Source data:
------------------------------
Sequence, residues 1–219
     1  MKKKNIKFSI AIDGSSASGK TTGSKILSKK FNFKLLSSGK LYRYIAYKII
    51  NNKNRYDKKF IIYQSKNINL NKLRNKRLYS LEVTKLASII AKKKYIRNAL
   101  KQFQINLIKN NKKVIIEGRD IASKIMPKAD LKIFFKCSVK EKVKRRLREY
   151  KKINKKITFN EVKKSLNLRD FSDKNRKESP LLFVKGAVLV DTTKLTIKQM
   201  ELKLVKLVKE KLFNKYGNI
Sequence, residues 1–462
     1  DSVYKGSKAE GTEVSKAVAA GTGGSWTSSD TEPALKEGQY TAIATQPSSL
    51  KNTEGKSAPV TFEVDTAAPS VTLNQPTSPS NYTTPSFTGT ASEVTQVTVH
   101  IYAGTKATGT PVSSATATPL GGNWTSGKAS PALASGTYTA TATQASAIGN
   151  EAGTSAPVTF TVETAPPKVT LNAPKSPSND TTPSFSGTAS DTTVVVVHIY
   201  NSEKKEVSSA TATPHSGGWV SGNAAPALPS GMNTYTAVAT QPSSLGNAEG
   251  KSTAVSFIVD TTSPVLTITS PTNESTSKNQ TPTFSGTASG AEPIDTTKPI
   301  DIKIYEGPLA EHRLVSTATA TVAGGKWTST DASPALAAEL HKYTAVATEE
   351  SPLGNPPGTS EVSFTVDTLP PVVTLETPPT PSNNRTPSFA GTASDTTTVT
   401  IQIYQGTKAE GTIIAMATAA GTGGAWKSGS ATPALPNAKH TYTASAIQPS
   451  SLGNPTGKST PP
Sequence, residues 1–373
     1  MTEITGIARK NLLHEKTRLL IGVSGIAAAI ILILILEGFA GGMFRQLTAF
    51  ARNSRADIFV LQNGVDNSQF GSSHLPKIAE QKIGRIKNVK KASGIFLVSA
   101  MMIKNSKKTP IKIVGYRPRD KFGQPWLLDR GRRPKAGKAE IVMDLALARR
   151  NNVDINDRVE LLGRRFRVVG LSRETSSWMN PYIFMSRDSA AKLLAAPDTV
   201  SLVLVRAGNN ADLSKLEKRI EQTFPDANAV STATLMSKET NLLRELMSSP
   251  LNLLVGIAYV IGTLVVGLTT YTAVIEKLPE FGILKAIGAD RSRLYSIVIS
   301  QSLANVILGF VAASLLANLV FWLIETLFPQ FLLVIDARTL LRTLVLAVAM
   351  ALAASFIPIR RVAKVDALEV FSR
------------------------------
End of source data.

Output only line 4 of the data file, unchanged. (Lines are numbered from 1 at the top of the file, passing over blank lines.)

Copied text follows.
   101  KQFQINLIKN NKKVIIEGRD IASKIMPKAD LKIFFKCSVK EKVKRRLREY